Often, when one mentions “school safety” in the same sentence as urban schools, issues such as violence prevention, campus security officers, and mass shootings (which one could argue is an issue impacting every district) immediately come to mind. However, continuing with the theme of education as reparations, I am expanding past these conventional (albeit important) notions.
Do not get me wrong. As educators, ensuring the safety of schoolchildren and our teaching staff is paramount. How can we expect students to reach their full potential if they do not feel safe in their learning environments? There are serious issues afoot, including root causes and other challenges that disparately burden children in urban schools, particularly Black children and other children of color. Yet, our funding formulas do not always reflect this reality. In my last column, I noted that a critical principle of education as reparations involves embracing funding formulas that address the centuries of harm, underinvestment, and disinvestment in urban schools.
Similarly, education as reparations as it relates to school safety then requires investing in our school mental health infrastructure to ensure ample support at every school site to address the psychological needs of students, mitigate the impact of trauma, and foster restorative practices as a norm. Staff professional development should complement such investments to support educators in teaching from an asset-informed, trauma-informed, and anti-bias-informed frame. The burden should not sit squarely and solely upon teachers’ shoulders to foster welcoming and healing environments for students. Still, they most definitely should participate in the lift and learn how not to replicate or exacerbate existing harms. Employing multitiered levels of support and social-emotional learning practices centered on the unique experiences of Black and brown students also aligns with this concept.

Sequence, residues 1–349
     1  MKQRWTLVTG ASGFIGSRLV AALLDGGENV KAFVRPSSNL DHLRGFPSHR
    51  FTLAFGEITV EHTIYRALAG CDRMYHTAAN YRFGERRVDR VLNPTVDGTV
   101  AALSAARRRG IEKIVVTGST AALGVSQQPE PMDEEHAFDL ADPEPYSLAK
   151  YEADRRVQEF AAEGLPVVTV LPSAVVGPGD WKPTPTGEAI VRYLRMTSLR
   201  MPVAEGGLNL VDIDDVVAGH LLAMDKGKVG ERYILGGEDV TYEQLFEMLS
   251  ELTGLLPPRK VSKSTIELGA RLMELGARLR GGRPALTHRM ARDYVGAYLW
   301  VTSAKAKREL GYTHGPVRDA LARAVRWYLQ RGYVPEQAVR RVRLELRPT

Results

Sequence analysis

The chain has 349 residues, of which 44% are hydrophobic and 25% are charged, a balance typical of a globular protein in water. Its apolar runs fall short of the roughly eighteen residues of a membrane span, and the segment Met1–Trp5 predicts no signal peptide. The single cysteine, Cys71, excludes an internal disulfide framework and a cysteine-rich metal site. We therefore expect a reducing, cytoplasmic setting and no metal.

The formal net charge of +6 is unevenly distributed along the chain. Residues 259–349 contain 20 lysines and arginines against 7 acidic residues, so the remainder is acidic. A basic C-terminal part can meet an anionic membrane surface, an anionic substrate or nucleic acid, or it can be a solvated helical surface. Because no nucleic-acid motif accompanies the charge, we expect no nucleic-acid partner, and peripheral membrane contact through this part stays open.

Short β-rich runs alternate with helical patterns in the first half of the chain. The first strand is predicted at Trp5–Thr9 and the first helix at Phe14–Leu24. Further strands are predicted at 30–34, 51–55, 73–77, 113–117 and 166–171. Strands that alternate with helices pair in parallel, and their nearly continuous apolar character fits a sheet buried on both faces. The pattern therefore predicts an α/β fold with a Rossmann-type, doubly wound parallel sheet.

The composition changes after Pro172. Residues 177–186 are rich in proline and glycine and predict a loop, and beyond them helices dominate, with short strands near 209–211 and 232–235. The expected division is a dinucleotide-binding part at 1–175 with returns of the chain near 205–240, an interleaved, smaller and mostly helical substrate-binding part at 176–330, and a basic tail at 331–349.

I also noted in my last column that education as reparations involves investing in facilities. This also is relevant here as it relates to school safety. It is well held that urban communities, particularly communities of color, not only experience economic disparity, but they also experience environmental disparity. Be it inadequate access to clean water, exposure to lead and asbestos in old and decaying buildings, lack of green space, or proximity to air and other pollutants, environmental injustice is a real threat and contextual reality for urban communities (see “Environmental inequality in the neighborhood networks of urban mobility in U.S. cities”).
Fortunately, urban education leaders across this country are beginning to move in innovative and just directions, but we still have much work to do. We must genuinely embrace education as a source of reparations, ensuring that we channel the additional funding that schools need to invest in modernizing school facilities, mitigating environmental concerns, and expanding our mental health infrastructure at school sites across the country. How can we, as urban leaders, know if we are on the right track? For one, reflect on your funding structure and on your efforts. Are they designed to repair trauma and environmental harm inequitably experienced by students in urban communities, in particular, by Black students?